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Virtual Reality Interview Training Helped Veterans With PTSD Get Job Offers

Job interviews are stressful for anyone, but for people who are prone to anxiety, or who have been diagnosed with PTSD or mental illness, they can be nightmares.
July 1, 2015, 4:00am

Job interviews are stressful for anyone, but for people who are prone to anxiety, or who have been diagnosed with PTSD or mental illness, they can be nightmares. That's why a software company has built a training program specifically designed to get over this hurdle.

According to research just published in the journal Psychiatric Service, interviewing with a virtual director of human resources has proven to be extremely effective at helping users control their anxiety in a job interview.

Both PTSD and unemployment are problems for veterans, and either can exacerbate the other. According to the Bureau of Labor Statistics, the unemployment rate for male veterans of the most recent war in Iraq remained higher than the rate for male non-veterans in 2014. A study cited by The Economist stated that an estimated 12 percent of American veterans from wars in Afghanistan and Iraq suffer from PTSD.

Related:The Agony and the Ecstasy: The Quiet Mission to Fight PTSD With MDMA

The Maryland-based software company SIMmersion originally created an algorithm for conducting virtual reality conversations in order to help teach FBI agents how to interview suspects. But Morris Bell, a Yale psychiatry professor and collaborator on the project, saw the program had potential elsewhere too—allowing people to practice for job interviews.

You can play around with the company's commercial service here, if you're curious, but I called up the researchers to find out how their own setup worked.

"Essentially the way it works," Matthew Smith, the lead author of the study conducted at Northwestern University's Feinberg School of Medicine, told me over the phone, "they hire an actor who records nearly 2,000 lines of dialogue. Then they splice the video they collected into their algorithm in their computer program and connected it to their voice recognition software."

"So when you engage the training, Molly Porter is the virtual human resources agent you interview with," he continued. "Molly will introduce herself and ask you a question. After she asks you a question, you have 10 to 15 responses that you can speak out loud and then she'll respond to your comment and ask you another question or ask you to provide more detail on your original response."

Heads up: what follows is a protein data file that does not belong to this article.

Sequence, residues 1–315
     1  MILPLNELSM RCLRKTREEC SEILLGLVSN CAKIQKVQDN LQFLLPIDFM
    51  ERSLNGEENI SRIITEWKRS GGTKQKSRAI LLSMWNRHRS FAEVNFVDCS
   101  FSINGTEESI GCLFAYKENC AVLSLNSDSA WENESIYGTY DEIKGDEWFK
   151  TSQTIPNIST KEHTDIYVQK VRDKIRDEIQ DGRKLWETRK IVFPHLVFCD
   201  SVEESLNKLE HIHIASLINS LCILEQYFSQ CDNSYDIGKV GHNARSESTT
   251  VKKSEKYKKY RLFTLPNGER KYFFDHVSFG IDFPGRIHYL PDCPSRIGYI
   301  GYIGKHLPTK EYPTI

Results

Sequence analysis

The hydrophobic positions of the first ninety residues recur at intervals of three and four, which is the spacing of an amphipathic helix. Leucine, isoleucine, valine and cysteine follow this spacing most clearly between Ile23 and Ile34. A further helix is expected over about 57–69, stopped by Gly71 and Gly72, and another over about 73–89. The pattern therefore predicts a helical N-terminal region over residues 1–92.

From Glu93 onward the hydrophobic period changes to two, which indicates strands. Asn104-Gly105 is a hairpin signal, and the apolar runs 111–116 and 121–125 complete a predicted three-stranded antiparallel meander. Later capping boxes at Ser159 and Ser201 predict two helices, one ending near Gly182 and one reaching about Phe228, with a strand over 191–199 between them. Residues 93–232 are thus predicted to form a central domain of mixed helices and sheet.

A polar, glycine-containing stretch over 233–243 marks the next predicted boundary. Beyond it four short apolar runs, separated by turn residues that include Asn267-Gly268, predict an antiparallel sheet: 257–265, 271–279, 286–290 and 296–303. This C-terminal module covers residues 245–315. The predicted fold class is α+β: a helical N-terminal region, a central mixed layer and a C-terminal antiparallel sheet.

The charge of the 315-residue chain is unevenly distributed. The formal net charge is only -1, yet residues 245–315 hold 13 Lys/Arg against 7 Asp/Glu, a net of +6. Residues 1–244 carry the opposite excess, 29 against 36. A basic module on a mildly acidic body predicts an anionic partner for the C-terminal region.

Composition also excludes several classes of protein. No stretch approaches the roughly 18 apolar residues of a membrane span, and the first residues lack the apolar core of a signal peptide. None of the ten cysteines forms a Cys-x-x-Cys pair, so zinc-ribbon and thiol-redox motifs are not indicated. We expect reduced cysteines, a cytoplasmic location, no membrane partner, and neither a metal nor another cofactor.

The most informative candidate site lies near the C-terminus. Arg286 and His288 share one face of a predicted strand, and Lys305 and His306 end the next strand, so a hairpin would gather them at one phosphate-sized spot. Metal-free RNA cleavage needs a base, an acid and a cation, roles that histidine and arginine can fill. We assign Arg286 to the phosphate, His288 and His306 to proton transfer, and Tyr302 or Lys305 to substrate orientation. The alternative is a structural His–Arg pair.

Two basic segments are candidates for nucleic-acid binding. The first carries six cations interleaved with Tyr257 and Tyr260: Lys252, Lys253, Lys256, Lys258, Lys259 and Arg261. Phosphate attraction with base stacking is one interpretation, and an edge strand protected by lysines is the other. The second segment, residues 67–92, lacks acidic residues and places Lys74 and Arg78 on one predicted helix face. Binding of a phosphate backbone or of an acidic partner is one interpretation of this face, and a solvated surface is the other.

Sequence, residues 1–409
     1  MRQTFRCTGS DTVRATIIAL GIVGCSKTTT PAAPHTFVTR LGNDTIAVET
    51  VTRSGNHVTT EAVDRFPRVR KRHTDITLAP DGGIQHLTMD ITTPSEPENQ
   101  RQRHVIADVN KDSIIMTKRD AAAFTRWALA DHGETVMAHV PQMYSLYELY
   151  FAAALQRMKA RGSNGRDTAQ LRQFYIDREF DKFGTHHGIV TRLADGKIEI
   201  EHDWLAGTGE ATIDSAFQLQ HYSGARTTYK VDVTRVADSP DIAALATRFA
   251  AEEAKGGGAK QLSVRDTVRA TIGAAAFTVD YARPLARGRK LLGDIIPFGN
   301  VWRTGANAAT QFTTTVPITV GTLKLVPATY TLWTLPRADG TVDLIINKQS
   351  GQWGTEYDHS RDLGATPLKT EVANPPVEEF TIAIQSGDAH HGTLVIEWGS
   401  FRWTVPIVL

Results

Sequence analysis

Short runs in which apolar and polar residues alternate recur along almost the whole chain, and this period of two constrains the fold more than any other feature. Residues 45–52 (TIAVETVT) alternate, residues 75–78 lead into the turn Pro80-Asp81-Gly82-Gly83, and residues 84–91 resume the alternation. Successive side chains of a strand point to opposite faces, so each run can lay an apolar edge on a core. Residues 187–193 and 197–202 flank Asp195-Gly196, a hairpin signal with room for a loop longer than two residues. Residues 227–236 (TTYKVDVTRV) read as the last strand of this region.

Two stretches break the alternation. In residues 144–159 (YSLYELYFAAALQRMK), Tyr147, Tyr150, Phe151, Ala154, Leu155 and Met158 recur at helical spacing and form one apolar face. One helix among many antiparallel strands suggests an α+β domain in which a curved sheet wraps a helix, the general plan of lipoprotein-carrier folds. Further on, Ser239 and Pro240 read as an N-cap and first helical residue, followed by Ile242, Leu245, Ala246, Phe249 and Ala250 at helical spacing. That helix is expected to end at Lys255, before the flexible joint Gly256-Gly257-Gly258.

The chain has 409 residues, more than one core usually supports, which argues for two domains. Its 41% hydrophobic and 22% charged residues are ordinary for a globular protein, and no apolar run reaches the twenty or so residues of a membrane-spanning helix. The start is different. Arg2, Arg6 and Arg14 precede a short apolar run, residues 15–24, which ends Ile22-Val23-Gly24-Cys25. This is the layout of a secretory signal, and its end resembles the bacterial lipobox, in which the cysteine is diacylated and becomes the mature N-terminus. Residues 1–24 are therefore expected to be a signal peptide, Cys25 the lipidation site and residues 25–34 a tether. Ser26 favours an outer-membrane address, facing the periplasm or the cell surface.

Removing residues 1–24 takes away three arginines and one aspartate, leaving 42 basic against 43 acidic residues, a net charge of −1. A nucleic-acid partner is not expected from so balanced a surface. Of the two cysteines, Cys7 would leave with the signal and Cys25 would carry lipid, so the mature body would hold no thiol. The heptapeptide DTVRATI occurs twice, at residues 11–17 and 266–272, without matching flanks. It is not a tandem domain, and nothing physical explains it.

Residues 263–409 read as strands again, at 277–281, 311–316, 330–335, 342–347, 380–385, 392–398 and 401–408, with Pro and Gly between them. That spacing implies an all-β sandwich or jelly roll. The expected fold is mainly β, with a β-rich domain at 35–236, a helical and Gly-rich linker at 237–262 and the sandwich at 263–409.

Seventy participants, some of whom were veterans diagnosed with PTSD and some were civilians diagnosed with other mental illnesses, took a 10-hour training course on SIMmersion's software. Each virtual interview took about 20 to 30 minutes to complete. Afterwards, participants could review transcripts of their virtual interview, which provide constructive feedback on how to better next time. Smith told me that participants usually completed about 15 trials during the intervention.

Smith told me the researchers weren't expecting to see a response as strong as the one they observed.

"About half of trainees received a job offer, and about a quarter of the controls received a job offer," Smith said.

Being twice as likely to get a job offer would be remarkable enough, but, as Smith explained, when the data is controlled for two factors—cognition or memory and time since last full-time employment—trainees were actually nine-times more likely to get a job offer than the control group. The results were the same for job-seeking adults who had been diagnosed with schizophrenia: trainees were nine-times more likely to get job offers.

As Motherboard previously found, there are already virtual-reality treatments available for veterans, but the software studied by Northwestern also proved helpful for individuals diagnosed with severe mental illnesses such as bipolar disorder, major depressive disorder, schizophrenia or schizoaffective disorder.

I had thought that a big value of virtual reality might be that it's cheaper than working face-to-face with a counselor or teacher, but Smith made some compelling points about the advantages of VR. He said that neuroscience has learned that sustainable behavioral learning takes repetitive practice. Virtual reality training gave individuals 10 to 20 interviews to work to establish their skills. Software has other advantages as well.

"For example, a service provider may not be able to change their personality and take on the characteristics of several different types of interviewers, whereas the virtual reality training has that characteristic," he said. "One of the other advantages, I think, is that when you're practicing a role play with a service provider you already know, there's a level of comfort there. Whereas a job interview creates a more anxious environment where you're going to be asked questions you may or may not be prepared for, and to some degree it's a nerve-racking experience for anybody, let alone individuals who may already be prone to anxiety."

Smith told me that he's eager to find out if the research team's results translate outside of the lab. At least when people come in and practice at Northwestern, 10 hours with Molly Porter apparently helps.